Panel pulls up the National Film Archives of India, but itself hasn’t met since August 2018, raising questions over the seriousness of the project.
New Delhi: An inquiry panel set up to look into the Centre’s ambitious films preservation and archiving project has taken Pune’s National Film Archives of India (NFAI) to task. The panel’s interim report has pulled up the government body for the “total disarray” its film preservation wing is in, the unaccounted release of Rs 40 crore for digitisation of films, and lack of a proper manual for film preservation, among other lapses.
Last year, the Information and Broadcasting (I&B) Ministry had ordered an inquiry into the National Film Heritage Mission (NFHM). The NFAI is the film preservation body under the ministry.
However, it is also learnt that the inquiry committee, which comprises senior ministry officials and film preservation experts like Shaji Karun and NFAI director K.S. Sasidharan, has not met since August 2018. This has raised questions over the government’s own seriousness about film preservation.
Films restored and lost
So far, the NFAI has managed to digitise 569 films. Of these, 329 films were auto-restored, while two others were restored frame-by-frame. The report did not specify what techniques were used to restore the others.
The panel, however, suggested that the quality of these films be thoroughly checked.
It also stated that it found several decayed film materials and rusted cans within the film vaults of the NFAI. It suggested that unserviceable elements from film vaults should be segregated and discarded, so that they don’t corrupt other important celluloid materials.
In order to assess the exact number of films lost, the panel in terms of archival history will need a digital record of the complete list of films, reels and materials acquired from government film bodies such as the National Film Development Corporation, Films Division, Directorate of Film Festivals, and the Central Board of Film Certification.
It suggested that NFAI should complete the RFID tagging of films for better management.
Bills passed without proper checks
The panel further found that the job of digitising and restoring some versions of film titles was carried out in a haphazard way, with bills worth nearly Rs 40 crore passed without proper checks.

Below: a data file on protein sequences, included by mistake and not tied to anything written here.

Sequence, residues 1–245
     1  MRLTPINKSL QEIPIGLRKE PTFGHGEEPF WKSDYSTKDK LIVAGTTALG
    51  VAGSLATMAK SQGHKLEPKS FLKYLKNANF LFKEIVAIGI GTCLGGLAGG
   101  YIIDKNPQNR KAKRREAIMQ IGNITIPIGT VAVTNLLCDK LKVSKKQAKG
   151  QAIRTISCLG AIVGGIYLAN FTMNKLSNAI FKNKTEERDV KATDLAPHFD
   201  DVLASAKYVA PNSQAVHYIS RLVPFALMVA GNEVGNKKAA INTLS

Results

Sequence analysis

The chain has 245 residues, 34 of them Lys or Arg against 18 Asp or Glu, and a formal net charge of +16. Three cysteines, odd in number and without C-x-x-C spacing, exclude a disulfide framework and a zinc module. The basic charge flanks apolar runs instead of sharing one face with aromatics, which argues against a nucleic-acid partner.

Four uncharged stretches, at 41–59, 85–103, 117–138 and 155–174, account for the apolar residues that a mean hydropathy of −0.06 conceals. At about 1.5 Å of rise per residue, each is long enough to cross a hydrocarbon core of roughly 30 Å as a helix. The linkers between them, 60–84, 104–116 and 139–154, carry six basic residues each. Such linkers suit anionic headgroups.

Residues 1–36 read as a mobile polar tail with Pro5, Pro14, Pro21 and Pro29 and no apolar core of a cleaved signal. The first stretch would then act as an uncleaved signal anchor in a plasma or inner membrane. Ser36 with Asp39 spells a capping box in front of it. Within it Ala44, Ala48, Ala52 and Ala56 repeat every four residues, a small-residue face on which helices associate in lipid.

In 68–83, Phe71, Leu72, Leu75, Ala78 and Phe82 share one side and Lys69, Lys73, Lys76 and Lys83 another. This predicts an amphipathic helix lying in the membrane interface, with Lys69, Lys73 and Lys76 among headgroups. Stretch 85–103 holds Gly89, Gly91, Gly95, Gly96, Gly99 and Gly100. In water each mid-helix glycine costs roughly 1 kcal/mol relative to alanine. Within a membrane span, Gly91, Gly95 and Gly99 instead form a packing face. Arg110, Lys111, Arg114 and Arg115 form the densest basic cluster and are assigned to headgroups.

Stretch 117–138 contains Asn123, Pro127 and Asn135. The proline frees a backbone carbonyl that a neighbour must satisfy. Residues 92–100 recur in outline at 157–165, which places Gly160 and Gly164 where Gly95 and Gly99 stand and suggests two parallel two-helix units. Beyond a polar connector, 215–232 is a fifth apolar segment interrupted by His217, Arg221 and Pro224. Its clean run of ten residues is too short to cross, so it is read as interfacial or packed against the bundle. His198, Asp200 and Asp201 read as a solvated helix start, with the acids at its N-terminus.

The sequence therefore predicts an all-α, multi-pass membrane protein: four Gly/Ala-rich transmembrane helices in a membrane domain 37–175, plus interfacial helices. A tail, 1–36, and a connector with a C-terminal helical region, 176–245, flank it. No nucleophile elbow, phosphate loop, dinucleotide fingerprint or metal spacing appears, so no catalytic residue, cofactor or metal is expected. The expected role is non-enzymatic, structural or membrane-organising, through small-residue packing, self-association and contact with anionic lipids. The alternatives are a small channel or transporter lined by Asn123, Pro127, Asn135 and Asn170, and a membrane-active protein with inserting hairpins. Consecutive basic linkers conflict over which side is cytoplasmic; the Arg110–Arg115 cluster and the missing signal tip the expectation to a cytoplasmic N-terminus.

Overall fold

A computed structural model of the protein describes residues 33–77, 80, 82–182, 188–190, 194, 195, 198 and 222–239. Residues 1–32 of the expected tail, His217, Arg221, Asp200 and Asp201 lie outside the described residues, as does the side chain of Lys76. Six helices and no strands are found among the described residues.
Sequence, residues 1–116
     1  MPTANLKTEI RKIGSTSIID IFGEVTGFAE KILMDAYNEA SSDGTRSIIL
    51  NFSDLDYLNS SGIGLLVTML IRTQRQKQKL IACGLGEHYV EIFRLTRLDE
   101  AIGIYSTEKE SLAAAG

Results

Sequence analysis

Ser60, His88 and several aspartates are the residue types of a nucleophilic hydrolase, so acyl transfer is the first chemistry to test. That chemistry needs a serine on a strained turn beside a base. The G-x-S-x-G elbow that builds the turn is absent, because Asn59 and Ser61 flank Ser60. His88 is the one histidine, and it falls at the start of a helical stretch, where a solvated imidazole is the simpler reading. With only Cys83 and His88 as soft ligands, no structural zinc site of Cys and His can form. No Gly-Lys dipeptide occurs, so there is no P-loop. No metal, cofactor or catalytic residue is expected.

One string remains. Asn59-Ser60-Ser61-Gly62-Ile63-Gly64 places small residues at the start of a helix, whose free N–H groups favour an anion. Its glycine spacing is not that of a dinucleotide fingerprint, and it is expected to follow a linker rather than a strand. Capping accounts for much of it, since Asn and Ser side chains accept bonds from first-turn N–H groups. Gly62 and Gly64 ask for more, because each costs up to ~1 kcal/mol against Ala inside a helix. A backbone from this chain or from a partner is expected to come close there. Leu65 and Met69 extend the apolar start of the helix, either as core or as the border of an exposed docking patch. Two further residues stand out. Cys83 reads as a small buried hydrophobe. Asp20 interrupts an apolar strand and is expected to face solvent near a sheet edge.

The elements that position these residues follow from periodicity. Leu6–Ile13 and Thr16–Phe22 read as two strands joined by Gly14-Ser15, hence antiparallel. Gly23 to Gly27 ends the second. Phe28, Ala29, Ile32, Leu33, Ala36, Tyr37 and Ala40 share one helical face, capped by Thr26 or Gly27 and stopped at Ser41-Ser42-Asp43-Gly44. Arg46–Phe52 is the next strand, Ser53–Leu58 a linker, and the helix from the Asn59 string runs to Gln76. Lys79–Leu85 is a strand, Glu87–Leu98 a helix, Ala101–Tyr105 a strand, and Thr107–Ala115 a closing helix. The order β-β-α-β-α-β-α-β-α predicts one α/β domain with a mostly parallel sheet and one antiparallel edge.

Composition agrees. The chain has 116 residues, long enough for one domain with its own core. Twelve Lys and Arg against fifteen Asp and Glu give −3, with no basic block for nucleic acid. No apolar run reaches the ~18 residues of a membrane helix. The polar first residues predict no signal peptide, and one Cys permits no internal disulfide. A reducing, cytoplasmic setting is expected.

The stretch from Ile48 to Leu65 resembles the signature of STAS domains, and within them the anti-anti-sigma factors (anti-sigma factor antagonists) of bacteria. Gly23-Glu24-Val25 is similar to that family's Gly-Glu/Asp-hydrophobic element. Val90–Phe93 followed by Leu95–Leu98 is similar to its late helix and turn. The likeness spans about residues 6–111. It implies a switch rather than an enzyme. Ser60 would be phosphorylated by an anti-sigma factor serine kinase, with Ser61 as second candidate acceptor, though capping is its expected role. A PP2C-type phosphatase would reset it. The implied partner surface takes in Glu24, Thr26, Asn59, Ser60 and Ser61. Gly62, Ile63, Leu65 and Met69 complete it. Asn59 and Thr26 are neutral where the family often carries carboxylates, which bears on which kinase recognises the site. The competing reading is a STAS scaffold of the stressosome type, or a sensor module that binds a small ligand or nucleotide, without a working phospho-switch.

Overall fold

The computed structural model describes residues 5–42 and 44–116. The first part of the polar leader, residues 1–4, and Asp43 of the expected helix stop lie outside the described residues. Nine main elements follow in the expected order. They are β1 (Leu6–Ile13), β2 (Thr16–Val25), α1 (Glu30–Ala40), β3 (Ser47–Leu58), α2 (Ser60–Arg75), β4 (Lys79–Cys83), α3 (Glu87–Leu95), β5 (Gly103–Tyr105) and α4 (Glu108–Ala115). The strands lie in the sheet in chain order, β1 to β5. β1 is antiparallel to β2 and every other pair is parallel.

“The end-products that came to the archive were not thoroughly checked before certifying them for releasing payments. In the view of the committee, this is a serious lapse,” the report said.
The panel also found that the acquisition registers for the films were not updated, and called this a poor reflection on the overall functioning of the preservation wing.
“In short, the preservation department, which is the artery of the organisation, appears to be in total disarray,” the report said, adding that the preservation officer should be in the vicinity of film storage, and not located far away from the vaults.
It also said there was a severe shortage of staff in the preservation department, and said this should be addressed on priority.
What is the NFHM?
The NFHM aims to preserve, restore, digitise and archive films and filmic material — such as posters, photos, song booklets, pamphlets, press clippings, slides, transparencies and glass negatives. The mission is being implemented through NFAI.
An amount of Rs 597.41 crore had been earmarked for the NFHM, work on which had to be undertaken between 2014-15 and 2020-21.
Last year, the I&B ministry launched a film condition assessment project — as the first phase of the NFHM — which aimed to assess and preserve almost 1.32 lakh film reels at the NFAI.
The mission also aimed to digitise 1,050 feature films and 1,200 shorts, construct archival and preservation facilities in dust-free, low-humidity, and low-temperature conditions at the NFAI campus. It planned to hold training workshops and courses in the fields of conservation, preservation, and archiving, in coordination with international agencies.
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